• Use Points and Book Flights – This is the more traditional way of using points for air tickets. With a frequent flier program, you are subject to the airlines’ blackout dates and quotas for that particular flight for those who redeem air miles. The credit card reward programs always say that their has more flexibility because they do not have to use a particular airline but can use any airline. An example of this system is to use 25,000 points for a round trip domestic economy flight.

      But this system is not all rosy either. Very often, you have to book your flights 21 days in advance, stay a Saturday night and very often, you will not get your preferred flights.

      If you are a last minute type of person or do not like weekend stays, or if you like searching for your own deals, then this method of reward redemption probably does not suit you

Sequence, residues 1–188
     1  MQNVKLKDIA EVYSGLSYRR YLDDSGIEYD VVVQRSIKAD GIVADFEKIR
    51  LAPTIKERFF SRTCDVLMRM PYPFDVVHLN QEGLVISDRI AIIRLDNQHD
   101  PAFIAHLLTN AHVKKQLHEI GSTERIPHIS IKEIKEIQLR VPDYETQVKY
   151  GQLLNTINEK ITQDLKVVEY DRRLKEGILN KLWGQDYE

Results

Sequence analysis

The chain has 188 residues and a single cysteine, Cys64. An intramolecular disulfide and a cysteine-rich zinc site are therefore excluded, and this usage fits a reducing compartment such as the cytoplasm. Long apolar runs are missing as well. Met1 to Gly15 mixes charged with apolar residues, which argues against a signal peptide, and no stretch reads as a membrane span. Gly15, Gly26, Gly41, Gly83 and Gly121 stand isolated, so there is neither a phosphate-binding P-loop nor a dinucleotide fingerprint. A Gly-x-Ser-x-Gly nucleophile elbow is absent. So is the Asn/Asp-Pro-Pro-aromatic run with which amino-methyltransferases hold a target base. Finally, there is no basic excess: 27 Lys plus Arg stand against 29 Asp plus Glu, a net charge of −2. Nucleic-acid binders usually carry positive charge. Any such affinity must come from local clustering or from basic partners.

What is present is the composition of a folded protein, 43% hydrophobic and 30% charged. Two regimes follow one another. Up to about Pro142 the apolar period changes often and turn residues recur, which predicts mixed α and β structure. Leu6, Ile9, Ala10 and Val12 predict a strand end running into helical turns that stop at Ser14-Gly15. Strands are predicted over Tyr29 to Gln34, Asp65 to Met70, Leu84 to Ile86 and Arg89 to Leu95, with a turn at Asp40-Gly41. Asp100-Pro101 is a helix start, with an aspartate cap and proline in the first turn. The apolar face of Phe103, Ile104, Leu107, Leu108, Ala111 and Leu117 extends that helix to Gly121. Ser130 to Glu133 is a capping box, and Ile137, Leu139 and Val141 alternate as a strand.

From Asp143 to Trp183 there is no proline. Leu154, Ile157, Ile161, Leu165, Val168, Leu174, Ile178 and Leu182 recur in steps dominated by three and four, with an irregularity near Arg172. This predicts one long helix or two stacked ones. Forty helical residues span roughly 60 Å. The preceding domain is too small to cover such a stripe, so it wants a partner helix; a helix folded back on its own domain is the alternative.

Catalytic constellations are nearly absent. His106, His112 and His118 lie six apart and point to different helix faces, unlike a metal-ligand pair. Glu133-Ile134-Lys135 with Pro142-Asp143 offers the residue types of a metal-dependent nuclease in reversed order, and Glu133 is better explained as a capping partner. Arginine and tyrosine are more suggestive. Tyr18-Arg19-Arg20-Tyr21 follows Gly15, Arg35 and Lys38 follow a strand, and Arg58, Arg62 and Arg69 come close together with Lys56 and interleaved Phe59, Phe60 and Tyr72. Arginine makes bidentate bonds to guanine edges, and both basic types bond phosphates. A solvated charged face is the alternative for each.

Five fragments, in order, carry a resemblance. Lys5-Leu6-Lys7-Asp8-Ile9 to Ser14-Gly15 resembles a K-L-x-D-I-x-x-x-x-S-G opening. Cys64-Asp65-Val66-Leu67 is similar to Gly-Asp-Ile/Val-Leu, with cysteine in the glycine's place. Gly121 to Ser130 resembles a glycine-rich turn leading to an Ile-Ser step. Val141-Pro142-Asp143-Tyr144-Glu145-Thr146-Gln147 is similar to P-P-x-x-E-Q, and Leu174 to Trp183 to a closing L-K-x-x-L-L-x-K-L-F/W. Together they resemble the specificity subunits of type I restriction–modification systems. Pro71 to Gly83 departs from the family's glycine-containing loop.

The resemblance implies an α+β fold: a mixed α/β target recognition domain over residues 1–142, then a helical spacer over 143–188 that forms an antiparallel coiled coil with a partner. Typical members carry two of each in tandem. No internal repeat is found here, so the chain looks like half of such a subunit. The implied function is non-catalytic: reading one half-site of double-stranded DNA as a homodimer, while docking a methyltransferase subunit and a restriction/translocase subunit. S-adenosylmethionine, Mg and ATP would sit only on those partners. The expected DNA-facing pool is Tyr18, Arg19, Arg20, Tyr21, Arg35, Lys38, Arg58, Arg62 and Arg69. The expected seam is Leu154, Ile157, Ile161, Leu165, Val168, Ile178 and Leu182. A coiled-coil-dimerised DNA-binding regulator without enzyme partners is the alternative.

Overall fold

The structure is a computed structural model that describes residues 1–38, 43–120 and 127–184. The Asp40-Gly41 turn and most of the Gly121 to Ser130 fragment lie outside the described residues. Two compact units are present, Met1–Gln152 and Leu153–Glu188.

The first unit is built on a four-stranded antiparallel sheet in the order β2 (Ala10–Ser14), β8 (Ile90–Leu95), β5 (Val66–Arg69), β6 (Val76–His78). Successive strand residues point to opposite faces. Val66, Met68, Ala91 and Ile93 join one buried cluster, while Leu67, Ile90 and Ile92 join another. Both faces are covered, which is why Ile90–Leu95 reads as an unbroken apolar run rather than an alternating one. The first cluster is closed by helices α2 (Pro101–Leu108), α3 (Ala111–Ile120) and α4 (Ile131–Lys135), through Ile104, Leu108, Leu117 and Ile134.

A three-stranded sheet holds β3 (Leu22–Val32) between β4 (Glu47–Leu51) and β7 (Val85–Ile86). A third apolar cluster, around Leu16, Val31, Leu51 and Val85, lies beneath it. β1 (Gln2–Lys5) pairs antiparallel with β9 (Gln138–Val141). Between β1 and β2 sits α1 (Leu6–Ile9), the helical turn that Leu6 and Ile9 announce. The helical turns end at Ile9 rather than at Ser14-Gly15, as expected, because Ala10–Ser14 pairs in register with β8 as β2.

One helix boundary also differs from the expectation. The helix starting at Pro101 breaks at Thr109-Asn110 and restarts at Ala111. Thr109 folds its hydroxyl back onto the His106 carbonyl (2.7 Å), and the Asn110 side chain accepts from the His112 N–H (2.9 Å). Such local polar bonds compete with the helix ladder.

• Do Your Own Booking – To get around the issue of restrictions, many programs now allow you to use points to book any flights you want on your own. You can then submit your expenses and get a statement credit. The Discover Escape Card uses this method, as does the Amex Blue Sky. Some like Citi’s thank you network allow you to book any flights or hotels from expedia.com. This method of redeeming points for travel rewards will suit the true bargain hunter because you can hunt for the best deals. This method is probably the most flexible.

      However, please be aware that some programs allow you the flexibility to book whatever flights and hotels you want but you have to use their own “in-house travel agent” which itself is subject to the seats and quotas made available to them by the airlines and wholesalers.